Yanai, unlike his two predecessors or his successor, had no pharmaceutical experience, instead coming from a military and business background into Teva's leadership ranks. Under his five years, the stock has risen about 11%, well ahead of the market overall. That performance broke into two parts, however: up until early 2010, Teva under Yanai performed extraordinarily as a stock, rising nearly 70% and avoiding the effects of 2008-2009 that crushed the market; since then, Teva has lost 35-40% in value, while the market as a whole has risen nearly 20%. Some of that was reversion to mean, but fatigue with missed estimates and continued concern over the company's dependence on its multiple sclerosis drug Copaxone also contributed.
In terms of revenue and earnings growth, Yanai's time should be viewed as successful. Revenues grew from $8.4B in 2006 to $18.3B in 2011; diluted earnings per share grew from $2.30 to $4.97 over the same time period (data from Teva's annual reports). That growth was steady, as revenue grew every year and earnings only decreased in 2008, due to the costs of acquiring Barr Pharmaceuticals Inc.
Acquisitions were another major aspect of Yanai's reign as CEO. Barr Pharmaceuticals was one of the three major acquisitions under Yanai, along with Cephalon and Ratiopharm. Barr and Ratiopharm were generic companies in U.S. and Germany that allowed Teva to expand its share in the two largest generics markets in the world, and Cephalon was a move intended to give Teva access a strong drug pipeline to diversify the company's portfolio in light of Copaxone threats.
Ultimately, Yanai did well by shareholders and Teva's business as a whole. All the same, the market was ready for him to go. The drag on the stock for the past two years and the initial positive reaction to Levin's hiring stand out as evidence of this sentiment. But while Yanai's leaving represents the push factor driving the stock up, Levin's hiring as a pull factor factored into that January spike as well.
Levin's background provides plenty of positive signs for Teva's future. An outsider to the company, like Yanai, Levin brings with him experience from a long pharmaceutical career, unlike Yanai. Levin has worked as both CEO at smaller companies (Cadus Pharmaceuticals Corporation and Physiome Sciences, the latter an Israel-based company) and an executive at larger companies (Global Head of Business Development at Novartis (NVS) and Senior VP of Strategy, Alliances, and Transactions at BMY). With a medical degree and a PhD in molecular biology to back his business credentials, Levin has a near-perfect profile to head Teva.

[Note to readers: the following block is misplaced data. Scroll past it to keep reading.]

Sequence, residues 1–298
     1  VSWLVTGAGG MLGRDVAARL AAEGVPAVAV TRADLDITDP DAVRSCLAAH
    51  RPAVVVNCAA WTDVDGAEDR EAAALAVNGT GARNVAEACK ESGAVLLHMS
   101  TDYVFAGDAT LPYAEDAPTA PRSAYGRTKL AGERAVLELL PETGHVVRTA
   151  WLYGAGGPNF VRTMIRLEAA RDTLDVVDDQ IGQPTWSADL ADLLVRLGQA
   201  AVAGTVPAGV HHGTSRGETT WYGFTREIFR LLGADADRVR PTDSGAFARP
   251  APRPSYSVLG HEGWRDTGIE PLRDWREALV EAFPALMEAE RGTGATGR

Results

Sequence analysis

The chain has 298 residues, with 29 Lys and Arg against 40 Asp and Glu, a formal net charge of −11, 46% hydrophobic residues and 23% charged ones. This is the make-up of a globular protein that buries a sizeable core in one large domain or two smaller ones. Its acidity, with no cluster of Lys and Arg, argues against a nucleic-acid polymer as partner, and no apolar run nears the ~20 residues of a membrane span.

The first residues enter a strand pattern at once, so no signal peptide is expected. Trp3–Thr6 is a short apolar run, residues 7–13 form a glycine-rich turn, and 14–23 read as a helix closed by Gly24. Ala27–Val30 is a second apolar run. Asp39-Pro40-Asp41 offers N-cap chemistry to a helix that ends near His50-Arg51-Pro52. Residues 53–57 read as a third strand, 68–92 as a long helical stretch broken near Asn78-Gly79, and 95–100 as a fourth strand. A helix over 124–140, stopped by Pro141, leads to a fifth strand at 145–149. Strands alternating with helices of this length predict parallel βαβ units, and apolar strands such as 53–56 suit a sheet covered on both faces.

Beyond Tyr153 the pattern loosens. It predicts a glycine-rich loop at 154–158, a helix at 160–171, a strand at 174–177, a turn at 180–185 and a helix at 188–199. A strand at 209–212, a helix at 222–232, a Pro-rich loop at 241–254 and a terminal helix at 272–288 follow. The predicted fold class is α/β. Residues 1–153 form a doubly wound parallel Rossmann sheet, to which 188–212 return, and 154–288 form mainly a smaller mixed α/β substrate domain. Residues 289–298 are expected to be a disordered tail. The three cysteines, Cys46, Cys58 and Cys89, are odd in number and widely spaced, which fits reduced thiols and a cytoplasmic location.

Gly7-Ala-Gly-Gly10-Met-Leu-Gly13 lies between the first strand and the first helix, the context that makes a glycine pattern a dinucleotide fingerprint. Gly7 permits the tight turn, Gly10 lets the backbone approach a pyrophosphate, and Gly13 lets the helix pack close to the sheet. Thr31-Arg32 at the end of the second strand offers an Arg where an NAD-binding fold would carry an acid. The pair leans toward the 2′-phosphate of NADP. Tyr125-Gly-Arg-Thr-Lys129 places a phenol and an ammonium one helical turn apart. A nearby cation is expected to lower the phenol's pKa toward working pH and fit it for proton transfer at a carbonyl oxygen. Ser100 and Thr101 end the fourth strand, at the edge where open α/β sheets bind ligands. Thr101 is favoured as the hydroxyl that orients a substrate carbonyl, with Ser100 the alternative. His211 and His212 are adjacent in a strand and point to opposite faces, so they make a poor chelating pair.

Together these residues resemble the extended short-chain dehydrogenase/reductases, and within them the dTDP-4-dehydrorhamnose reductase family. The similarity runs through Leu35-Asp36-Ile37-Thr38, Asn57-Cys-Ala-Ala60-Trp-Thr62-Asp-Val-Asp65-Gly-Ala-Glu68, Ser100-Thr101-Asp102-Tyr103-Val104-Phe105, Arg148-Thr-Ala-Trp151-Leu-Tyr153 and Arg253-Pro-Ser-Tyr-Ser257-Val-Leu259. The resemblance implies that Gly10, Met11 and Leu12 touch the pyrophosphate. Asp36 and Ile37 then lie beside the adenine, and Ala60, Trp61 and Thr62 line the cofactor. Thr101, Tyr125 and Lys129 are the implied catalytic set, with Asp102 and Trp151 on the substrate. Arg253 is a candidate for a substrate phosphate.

When discussing Levin's credentials, most analysts and articles discuss his work at BMY. Levin is given credit as a "key architect" for BMY's vaunted "string of pearls" strategy, wherein Bristol farmed out research projects to smaller firms with the option of acquiring those firms or the product results upon fruition or maturation of the research. For what it's worth, over his time at BMY, the company's stock rose 22.28% vs. a negative run of about 20% for the S&P. Levin's successful role in the development and implementation of this strategy has many expecting him to lead Teva towards a more brand-name approach to drugs.
In Levin's initial conference calls, both upon the announcement of his hiring and in reviewing Q1 results, he has been very consistent on several points. He has repeatedly stated that he is looking at everything in the company to understand it fully and to develop the strategy he wants to implement for Teva. He has cited Teva's commitment to patients and the company's global footprint. Levin has also been clear about a preference to service customers' needs through whatever means necessary.